More Flexibility Necessary for Attorney Retention

iStock_000008227662XSmallBy Melissa J. Anderson (New York City)

“The Project for Attorney Retention’s mission is to reduce unwanted attrition of lawyers,” explained Manar Morales, PAR‘s Executive Director. One particularly sore spot for attorneys (male and female), she explained, is the issue of work/life balance. PAR was founded by Cynthia Calvert and Joan Williams to address these issues. “One of our hallmarks is to create best practices for law firms around research,” she said.

“Women are graduating law school in record numbers, but they’re not making it into the partnership ranks,” Morales explained. “It’s not a pipeline issue, but a retention issue.”

“Work/life flexibility is important for women and men, and as long as this is solely a women’s issue progress is going to be slow,” she added. According to Morales, flexibility is a key issue for retaining diverse attorneys – and as the business case for diversity becomes more well-known, firms will have to respond with more flex opportunities.

Diversity and Flexibility

“The legal profession needs to become more diverse and inclusive and flexibility is an important component of that,” Morales said.

She continued, “Firms are currently going through a war for talent and clients are increasingly demanding diversity. They see the connection between inflexibility and attrition – and it comes at a high cost, not only to firms but to clients as well. Firms see it in the business case for diversity.”

A 2009 PAR report entitled “Diversity and Flexibility Connection: Best Practices” [PDF] pointed out just how many diverse lawyers are looking for flexibility. It says:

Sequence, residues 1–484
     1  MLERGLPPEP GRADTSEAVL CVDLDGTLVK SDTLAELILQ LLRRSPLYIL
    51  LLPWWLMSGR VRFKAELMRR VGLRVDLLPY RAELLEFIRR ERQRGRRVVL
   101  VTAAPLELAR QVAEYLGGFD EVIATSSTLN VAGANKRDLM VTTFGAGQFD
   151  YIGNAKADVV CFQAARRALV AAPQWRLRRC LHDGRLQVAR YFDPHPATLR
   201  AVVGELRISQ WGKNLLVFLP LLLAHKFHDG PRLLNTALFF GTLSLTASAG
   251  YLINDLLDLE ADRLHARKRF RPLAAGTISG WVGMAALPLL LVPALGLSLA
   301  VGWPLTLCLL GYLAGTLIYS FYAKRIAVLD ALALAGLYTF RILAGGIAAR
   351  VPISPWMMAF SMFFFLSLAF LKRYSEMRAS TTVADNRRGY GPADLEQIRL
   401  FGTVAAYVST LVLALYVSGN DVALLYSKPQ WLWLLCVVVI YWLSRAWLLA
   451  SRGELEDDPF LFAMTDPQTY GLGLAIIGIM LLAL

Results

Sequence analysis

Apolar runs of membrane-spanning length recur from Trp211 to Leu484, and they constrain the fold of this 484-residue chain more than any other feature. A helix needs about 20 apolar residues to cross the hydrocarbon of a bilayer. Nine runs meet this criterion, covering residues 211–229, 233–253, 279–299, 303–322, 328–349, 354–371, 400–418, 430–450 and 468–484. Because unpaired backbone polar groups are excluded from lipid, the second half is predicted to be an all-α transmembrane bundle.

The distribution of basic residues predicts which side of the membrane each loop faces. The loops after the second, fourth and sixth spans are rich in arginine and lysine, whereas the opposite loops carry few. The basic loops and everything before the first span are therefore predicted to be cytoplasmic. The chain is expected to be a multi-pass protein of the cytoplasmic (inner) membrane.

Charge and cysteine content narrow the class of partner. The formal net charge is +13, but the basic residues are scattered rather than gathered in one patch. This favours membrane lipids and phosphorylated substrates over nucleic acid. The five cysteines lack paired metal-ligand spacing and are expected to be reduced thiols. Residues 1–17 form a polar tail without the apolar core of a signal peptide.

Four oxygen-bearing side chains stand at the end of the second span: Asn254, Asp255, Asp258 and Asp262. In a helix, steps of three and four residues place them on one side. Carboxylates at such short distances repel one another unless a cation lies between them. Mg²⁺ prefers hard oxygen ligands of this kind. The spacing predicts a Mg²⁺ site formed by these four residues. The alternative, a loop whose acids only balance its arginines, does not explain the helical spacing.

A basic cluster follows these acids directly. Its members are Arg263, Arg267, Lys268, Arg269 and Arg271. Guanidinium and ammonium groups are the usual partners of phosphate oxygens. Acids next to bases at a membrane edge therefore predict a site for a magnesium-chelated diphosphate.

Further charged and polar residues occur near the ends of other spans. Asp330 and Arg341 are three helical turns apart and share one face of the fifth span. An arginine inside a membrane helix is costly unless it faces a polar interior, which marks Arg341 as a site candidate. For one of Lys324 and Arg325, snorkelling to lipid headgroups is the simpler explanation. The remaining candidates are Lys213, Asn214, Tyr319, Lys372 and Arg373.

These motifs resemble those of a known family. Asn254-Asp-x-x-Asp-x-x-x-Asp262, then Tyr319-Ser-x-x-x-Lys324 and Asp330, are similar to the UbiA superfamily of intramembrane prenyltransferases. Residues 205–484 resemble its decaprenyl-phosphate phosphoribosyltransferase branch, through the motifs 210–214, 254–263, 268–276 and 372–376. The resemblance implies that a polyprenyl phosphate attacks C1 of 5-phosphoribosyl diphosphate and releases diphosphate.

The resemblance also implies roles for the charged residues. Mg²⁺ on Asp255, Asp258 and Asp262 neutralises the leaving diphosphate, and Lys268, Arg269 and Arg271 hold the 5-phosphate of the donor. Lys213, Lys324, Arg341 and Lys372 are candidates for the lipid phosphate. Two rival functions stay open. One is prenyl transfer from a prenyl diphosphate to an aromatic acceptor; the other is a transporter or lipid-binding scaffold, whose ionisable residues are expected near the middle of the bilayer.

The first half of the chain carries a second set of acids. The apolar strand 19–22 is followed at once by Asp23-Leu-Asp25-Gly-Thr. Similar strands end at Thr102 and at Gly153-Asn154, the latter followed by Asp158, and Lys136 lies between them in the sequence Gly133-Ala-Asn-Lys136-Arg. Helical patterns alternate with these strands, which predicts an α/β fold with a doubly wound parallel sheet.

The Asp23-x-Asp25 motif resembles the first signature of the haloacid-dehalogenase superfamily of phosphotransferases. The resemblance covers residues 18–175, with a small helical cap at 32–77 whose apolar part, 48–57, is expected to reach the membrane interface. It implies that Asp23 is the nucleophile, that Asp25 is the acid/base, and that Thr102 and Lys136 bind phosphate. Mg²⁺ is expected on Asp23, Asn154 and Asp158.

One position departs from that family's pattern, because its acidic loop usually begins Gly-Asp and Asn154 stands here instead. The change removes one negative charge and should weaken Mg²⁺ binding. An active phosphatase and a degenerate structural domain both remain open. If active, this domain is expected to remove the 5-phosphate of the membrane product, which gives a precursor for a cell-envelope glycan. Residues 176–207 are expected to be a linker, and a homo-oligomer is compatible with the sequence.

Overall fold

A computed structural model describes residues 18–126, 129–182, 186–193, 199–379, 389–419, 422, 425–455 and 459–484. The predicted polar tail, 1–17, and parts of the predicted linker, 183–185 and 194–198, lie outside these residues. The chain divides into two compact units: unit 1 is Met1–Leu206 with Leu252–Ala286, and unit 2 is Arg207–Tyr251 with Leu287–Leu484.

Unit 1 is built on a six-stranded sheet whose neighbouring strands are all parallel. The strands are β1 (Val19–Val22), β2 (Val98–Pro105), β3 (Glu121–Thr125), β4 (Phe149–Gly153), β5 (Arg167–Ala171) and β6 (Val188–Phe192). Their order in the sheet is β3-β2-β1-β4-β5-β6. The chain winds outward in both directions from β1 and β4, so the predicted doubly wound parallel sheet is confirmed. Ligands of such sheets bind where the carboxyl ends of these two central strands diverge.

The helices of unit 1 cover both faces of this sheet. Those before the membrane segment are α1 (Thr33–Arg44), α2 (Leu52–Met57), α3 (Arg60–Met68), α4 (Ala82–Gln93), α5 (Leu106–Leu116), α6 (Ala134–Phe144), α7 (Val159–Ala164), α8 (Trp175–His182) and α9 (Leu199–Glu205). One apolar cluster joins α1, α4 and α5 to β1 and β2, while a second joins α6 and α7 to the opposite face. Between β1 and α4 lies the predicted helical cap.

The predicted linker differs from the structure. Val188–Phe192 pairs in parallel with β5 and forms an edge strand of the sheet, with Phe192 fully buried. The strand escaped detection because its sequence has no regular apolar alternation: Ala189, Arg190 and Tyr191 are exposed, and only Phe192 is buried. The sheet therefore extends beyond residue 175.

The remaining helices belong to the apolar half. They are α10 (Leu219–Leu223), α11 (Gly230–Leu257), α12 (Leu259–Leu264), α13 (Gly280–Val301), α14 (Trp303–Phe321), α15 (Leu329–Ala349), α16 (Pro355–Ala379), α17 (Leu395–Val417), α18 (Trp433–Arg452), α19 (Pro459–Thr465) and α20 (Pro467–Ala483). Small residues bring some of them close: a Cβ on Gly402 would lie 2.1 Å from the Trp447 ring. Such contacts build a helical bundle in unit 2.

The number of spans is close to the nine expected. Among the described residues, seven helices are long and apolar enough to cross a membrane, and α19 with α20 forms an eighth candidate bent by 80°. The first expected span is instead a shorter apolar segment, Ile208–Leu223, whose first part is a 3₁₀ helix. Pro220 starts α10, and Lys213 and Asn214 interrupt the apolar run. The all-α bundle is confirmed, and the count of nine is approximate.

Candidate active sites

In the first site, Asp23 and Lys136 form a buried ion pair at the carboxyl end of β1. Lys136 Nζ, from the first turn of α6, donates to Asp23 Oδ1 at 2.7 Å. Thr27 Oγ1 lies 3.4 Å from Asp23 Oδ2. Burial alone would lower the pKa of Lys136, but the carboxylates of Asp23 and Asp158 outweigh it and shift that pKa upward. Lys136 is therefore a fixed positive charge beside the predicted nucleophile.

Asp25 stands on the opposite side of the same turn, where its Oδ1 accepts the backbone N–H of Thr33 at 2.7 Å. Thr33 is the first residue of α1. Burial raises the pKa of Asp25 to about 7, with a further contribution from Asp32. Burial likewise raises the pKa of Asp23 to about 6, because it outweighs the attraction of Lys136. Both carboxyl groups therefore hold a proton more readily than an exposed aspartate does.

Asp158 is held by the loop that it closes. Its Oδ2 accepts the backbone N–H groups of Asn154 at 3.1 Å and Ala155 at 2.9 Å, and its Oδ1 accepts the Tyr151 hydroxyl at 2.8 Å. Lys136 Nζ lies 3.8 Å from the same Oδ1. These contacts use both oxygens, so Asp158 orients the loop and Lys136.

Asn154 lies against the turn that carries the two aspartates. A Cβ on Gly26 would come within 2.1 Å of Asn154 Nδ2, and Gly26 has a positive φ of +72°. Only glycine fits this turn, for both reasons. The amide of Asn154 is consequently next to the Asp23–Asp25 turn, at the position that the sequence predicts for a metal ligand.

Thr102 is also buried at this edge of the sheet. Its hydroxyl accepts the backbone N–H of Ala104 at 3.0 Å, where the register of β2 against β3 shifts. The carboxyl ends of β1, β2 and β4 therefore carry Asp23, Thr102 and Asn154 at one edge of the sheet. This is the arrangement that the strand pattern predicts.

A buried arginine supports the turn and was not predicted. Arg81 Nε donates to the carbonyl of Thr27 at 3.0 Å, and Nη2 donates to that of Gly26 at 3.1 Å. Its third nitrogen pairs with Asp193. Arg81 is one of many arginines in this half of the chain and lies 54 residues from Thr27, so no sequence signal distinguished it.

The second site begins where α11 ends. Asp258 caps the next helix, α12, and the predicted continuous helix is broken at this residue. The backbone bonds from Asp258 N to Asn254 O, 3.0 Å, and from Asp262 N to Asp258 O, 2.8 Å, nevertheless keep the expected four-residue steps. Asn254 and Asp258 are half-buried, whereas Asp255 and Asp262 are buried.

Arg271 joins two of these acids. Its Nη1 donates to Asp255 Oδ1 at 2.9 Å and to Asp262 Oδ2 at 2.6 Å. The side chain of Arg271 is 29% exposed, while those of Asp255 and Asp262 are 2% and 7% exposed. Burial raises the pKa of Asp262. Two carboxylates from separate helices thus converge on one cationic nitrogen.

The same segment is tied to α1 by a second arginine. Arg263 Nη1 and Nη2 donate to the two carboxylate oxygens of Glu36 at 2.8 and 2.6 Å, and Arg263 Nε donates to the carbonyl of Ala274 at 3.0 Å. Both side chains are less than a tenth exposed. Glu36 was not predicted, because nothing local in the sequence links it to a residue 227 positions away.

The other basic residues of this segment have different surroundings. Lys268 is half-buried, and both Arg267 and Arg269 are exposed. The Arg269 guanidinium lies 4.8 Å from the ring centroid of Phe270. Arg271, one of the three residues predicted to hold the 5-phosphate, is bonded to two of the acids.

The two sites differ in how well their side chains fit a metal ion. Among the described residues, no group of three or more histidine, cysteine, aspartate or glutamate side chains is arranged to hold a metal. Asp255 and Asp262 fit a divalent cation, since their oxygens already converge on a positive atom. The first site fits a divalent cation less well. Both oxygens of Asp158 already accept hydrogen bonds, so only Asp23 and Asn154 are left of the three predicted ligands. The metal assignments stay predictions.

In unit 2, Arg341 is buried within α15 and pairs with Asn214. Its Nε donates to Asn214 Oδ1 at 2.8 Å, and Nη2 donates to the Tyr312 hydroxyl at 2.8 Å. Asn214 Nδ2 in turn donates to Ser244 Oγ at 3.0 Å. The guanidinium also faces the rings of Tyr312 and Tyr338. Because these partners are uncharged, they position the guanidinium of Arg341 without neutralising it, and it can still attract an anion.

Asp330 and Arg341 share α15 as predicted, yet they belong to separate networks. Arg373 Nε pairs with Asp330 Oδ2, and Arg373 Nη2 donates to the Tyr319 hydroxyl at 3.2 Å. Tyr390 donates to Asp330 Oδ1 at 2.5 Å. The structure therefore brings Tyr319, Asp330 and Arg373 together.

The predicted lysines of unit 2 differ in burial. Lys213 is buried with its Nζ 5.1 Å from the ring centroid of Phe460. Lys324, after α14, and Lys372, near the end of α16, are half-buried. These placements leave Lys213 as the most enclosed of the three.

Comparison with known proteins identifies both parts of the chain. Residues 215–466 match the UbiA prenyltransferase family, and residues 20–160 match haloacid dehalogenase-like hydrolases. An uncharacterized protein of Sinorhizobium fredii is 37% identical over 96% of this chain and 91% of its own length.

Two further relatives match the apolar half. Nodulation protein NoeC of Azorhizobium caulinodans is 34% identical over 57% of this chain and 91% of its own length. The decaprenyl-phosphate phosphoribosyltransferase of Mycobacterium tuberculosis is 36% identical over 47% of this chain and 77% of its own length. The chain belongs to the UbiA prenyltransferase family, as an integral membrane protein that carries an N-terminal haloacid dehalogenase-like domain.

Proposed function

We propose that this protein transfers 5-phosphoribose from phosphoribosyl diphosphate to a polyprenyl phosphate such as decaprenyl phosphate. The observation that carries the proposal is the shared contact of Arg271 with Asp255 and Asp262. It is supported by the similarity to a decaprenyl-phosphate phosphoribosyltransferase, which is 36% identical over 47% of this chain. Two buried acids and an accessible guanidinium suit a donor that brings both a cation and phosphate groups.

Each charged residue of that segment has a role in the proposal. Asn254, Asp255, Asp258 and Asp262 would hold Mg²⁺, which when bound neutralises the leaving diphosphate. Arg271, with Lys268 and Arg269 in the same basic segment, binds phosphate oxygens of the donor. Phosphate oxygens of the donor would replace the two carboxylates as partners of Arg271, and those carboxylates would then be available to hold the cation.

“When PAR and the Minority Corporate Counsel Association sent an outreach requesting to speak with attorneys of color about work/life balance, one in four respondents interviewed said that they worked part-time.

In addition, some respondents who worked full-time hours stated that, although they would like to reduce their hours, the stigma associated with part-time at their firms made that unrealistic, when combined with challenges faced by all attorneys of color. Moreover, 70% of women of color attorneys are the sole or primary breadwinners in their households.”

As the business case for diversity becomes more recognized, flexibility will become an important issue for retaining female and minority attorneys. In the mean time, Morales said, convincing senior staff of the business case is key.

“One of PAR’s initiatives on the client front is making that diversity and flexibility connection. We’ve always led with the business case – discussing that flexibility is the way to retain top talent.” Morales said that for individuals looking to improve flexibility within a firm, it’s also helpful to mention the cost of attorney attrition and to point out that losing a team member affects client relations as well.

Morales also emphasized the Balanced Hours Model, which PAR created. PAR’s website explains, “Balanced hours schedules are individually tailored reduced hours schedules designed to meet the needs of the attorney and the needs of the Firm and its clients.”

Tips for Succeeding and De-Stigmatizing Flexibility

While Morales said that advice on implementing a flexible schedule be found in PAR’s book published earlier this year, Flex Success: The Lawyer’s Guide to Balanced Hours, written by Cynthia Thomas Calvert and Joan C. Williams, she shared a few key points with The Glass Hammer.

Morales explained that, frequently, lawyers who take on flex schedules are considered less invested in the success of the firm or in business development. “For this reason, we encourage part time lawyers to be leaders and rainmakers at their firms,” she said.

“Successful lawyers are crucial for firms to be successful, and to retain top, diverse talent,” she continued. That’s why firms and lawyers must work together to destigmatize flex or part time work.

Being successful as a part time lawyer takes planning, Morales said. “Build time in to your work schedule. It’s important to include non-billable hours when you’re planning – they are critical for business development, enhancing your expertise, or networking.”

She continued, “Otherwise you’ll start to experience schedule creep. Another tip is that if exceeding billable hours goals is important to your success at your firm, set your goal a little lower so you’re always exceeding them.”

Finally, she said, “Many firms are structured so that you have to be available for emergencies. If you start too experience ‘too many’ emergencies, be proactive about addressing the issue.”